While some critics charge that U.S. Customs and Border Protection (CBP) has not given the northern border due attention, the agency maintains that it has crafted a strategy for targeting limited assets that does the job without a massive number of boots on the ground.
When it comes to border security in the United States, concerns about illegal immigration and spillover violence from Mexico’s drug war have led the public, the media, and the political establishment to focus attention on the southwest. At the end of fiscal year 2010, southern border patrol agents outnumbered their northern brethren by a ratio of almost eight to one. This approach is not universally embraced. As some experts have noted, the Millennium Bomber entered the United States through Canada, and Canadian cities not far from the border are believed to harbor small pockets of jihadist militants and sympathizers, according to the Department of Homeland Security (DHS).
In February, the Government Accountability Office (GAO) gave critics of the southern focus more ammunition. The congressional watchdog noted that for 2010, the CBP, which is part of the DHS, had only a fourth of the northern border under “full situational awareness”—the condition required for the agency to be able to say that its ability to detect a breach is high. And if an illegal entry were detected, Border Patrol would only have the ability to adequately respond at 32 of the nearly 4,000 northern border miles.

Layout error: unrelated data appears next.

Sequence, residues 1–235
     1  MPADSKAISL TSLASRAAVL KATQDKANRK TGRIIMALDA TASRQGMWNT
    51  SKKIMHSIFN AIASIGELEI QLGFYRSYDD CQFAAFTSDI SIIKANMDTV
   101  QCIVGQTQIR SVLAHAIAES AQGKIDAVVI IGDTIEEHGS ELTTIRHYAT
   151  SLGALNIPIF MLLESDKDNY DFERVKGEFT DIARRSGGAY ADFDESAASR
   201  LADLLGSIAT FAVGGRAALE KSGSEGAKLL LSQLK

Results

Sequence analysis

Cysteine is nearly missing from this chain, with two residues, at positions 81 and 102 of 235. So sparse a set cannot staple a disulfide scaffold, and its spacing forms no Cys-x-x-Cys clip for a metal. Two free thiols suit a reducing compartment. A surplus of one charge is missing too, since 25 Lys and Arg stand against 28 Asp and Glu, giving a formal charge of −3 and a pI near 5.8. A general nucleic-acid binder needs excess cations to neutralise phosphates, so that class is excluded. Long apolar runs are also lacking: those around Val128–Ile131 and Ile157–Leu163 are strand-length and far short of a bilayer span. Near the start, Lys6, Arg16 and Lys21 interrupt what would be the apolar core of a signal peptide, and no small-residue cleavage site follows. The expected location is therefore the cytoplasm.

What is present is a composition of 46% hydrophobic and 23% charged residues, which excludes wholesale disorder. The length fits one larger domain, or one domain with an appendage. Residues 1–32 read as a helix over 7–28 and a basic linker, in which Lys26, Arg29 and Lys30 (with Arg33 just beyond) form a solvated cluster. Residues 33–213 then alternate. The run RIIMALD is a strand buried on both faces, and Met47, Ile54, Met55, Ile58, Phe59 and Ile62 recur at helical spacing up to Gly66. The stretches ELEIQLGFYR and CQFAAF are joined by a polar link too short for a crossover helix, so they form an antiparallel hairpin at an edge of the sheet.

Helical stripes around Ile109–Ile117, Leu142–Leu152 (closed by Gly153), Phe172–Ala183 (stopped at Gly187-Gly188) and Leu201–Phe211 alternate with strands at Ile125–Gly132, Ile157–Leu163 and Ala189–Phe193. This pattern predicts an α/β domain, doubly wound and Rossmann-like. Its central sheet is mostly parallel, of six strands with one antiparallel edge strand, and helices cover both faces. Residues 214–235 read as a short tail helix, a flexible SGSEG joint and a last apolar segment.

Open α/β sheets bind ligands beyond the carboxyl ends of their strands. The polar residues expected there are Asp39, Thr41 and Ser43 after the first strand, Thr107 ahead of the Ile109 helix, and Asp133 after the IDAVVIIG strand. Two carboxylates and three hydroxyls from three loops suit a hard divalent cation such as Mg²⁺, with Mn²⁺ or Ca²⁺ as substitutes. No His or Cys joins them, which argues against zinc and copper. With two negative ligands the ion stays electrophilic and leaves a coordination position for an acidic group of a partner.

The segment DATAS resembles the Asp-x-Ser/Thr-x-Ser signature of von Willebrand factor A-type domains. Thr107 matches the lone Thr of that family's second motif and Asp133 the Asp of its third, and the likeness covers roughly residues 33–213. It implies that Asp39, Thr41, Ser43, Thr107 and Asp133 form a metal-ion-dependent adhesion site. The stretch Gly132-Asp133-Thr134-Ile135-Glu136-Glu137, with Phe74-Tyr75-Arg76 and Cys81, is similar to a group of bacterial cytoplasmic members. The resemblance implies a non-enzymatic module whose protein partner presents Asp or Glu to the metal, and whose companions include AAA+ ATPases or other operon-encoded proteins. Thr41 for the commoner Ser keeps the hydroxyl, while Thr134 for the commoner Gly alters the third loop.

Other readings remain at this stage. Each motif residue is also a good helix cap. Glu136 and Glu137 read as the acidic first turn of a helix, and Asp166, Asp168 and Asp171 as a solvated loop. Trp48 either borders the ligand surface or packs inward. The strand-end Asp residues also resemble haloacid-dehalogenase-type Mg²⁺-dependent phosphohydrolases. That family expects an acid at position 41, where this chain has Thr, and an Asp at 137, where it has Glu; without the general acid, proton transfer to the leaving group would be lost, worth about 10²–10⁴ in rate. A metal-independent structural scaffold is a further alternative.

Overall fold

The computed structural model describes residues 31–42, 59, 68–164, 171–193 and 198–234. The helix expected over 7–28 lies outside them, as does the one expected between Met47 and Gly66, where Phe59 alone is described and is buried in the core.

Members of Congress expressed their displeasure. “DHS has to realize that we have two borders that need our attention,” said long-time northern border security advocate Rep. Candice Miller (R-MI), chairwoman of the House Homeland Security Committee’s Subcommittee on Border and Maritime Security, after the report’s release. “The northern tier faces security challenges which are every bit as troubling as those facing our southern border, and we cannot let one falter at the expense of the other.”
Joe Lieberman (I-CT), chairman of the Senate Homeland Security Committee, agreed with that viewpoint. “The American people are grossly under-protected along our northern border,” he said in reaction to the GAO report.
The primary fear on the northern border is that terrorists could use Canada as a staging ground for an attack and then slip unbeknownst into the United States along a largely unsecured border in between official ports of entry where people are sparse. It’s the mission of the CBP, particularly the U.S. Border Patrol, to stop that from happening.
(To continue reading "North By Northwest," from our December 2011 issue, please click here)
photo - Hikers arrive at the U.S.-Canada border along a trail in Maine. gripped/flickr